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I try a basic string replacement in a bash script:

#!/bin/bash
x="I love Linux"
echo "${x/Linux/Unix}"

It works fine on my mac, but does not work on my server. I tried different examples from various sites, but I always get the error: Bad substitution

My bash version: GNU bash, Version 4.4.12(1)-release (x86_64-pc-linux-gnu)

What am I doing wrong?

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    How are you actually running this script. I'm guessing that you are using sh explicitly on the command line? If so, consider making the script executable instead and running it without an explicit interpreter, or run it with bash.
    – Kusalananda
    May 30, 2021 at 11:18
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  • @Kusalananda Thank you very much! My mistake was to run the script with sh
    – Phantom
    May 30, 2021 at 15:00

1 Answer 1

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echo "${x/Linux/Unix}" is correct syntax in bash since version 2.0 which was released in 1996.

Bash does not emit the exact error message Bad substitution. Its message when it encounters something that looks almost, but not quite, like a parameter substitution, is slightly different:

$ bash -c '${}'
bash: ${}: bad substitution

On the other hand, dash, which is the implementation of /bin/sh on many Linux systems, does emit this exact message:

$ dash -c 'echo "${x/Linux/Unix}"'
dash: 1: Bad substitution

The error is enough of a hint that, as Kusalananda noticed, you aren't actually running this script as a program: you're running some program, presumably sh or /bin/sh, and telling it to run this script. Your script is a correct bash program but not a correct sh program, so that won't work on systems where sh is a different dialect that doesn't have the same feature set as bash.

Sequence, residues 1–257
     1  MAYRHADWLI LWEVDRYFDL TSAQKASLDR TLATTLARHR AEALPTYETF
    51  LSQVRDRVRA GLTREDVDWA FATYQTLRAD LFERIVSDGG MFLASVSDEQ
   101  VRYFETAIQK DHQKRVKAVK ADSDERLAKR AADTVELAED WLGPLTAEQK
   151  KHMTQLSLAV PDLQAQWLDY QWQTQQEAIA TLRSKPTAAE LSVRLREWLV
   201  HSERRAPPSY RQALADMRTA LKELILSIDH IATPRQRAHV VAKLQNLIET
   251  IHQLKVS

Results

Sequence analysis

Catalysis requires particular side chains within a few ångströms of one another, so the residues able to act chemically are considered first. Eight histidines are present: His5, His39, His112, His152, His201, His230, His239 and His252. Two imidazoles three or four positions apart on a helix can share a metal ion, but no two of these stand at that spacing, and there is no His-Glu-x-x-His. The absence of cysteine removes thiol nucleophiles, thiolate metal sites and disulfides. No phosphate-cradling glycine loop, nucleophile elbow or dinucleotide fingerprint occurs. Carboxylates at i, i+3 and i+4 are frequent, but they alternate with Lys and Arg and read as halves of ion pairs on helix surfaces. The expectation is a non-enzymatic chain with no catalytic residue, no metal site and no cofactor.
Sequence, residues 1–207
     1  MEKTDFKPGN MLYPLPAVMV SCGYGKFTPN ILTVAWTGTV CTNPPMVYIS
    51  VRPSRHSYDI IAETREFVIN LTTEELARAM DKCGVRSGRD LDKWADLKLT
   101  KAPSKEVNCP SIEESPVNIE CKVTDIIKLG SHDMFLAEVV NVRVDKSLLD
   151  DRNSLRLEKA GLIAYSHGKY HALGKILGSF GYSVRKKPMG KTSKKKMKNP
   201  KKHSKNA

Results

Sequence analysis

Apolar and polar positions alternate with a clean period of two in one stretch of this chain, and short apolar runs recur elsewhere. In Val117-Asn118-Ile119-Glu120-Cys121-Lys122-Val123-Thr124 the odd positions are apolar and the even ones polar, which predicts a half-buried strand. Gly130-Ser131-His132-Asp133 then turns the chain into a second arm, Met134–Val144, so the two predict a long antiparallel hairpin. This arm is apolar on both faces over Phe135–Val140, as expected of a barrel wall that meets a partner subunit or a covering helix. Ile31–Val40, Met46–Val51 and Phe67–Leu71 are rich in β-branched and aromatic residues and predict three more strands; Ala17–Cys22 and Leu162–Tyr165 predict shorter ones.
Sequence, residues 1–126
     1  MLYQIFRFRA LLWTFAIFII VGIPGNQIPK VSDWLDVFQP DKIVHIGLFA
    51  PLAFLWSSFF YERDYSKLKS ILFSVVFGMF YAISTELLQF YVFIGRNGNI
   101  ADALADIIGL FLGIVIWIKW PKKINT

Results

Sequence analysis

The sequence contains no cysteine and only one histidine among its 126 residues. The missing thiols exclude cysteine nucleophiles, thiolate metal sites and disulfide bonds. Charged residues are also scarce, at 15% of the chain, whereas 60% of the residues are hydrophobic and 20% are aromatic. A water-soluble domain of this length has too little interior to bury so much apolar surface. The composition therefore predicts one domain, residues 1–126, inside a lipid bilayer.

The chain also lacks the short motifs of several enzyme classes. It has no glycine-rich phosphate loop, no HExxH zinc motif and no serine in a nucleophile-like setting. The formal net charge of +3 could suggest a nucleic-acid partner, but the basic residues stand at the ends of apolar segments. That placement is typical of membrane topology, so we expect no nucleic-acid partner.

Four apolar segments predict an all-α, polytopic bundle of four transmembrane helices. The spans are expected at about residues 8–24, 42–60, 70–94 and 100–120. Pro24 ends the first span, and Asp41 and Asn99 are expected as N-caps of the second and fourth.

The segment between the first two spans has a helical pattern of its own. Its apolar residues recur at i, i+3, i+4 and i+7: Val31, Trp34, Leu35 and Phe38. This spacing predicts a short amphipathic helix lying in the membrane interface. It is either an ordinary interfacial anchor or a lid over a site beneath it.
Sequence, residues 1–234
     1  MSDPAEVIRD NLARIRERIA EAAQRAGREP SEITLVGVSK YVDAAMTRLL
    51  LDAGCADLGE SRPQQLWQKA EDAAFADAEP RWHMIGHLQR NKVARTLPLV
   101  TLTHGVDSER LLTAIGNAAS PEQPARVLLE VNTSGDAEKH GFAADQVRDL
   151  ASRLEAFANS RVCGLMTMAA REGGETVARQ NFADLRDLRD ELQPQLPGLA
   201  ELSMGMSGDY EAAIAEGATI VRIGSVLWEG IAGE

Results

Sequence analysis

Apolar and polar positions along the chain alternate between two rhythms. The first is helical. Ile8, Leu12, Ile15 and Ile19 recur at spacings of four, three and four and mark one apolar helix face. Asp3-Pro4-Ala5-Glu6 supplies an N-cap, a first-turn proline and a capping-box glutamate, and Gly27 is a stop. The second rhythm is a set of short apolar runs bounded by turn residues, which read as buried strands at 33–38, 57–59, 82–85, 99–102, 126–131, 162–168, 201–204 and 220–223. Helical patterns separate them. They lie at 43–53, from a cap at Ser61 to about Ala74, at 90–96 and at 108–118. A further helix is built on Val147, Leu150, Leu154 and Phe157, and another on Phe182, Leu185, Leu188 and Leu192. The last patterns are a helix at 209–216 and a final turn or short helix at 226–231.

Your script is a standalone program. The shebang line at the top of the script tells the system what interpreter to use. To run the script, just type its path, or its file name if it's on the command search path ($PATH). Like any other executable program, whether it's a script (has a shebang line) or not (a binary that the kernel executes on its own1), it needs to have execution permissions (chmod +x path/to/script). If for some reason you have a script which is not a standalone program and you want to run it with bash, run bash path/to/script, not sh path/to/script.

1 Or with other means of conveying how the file is to be executed, such as the binfmt_misc mechanism on Linux.

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  • Thank you very much for your answer. I ran the script with sh - that was my mistake. With bash path/to/script it works fine. How can I make a standalone program from my script. When I try to run the script with path/to/script without the bash, I get the error -bash: /path/to/script/test.sh: Keine Berechtigung Keine Berechtigung (German) = No permission
    – Phantom
    May 30, 2021 at 15:02
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    @Phantom, you need to add the execute permission on the script, chmod +x scripname.sh
    – ilkkachu
    May 30, 2021 at 15:37
  • @ilkkachu Thank you very much! That's great
    – Phantom
    May 30, 2021 at 19:24

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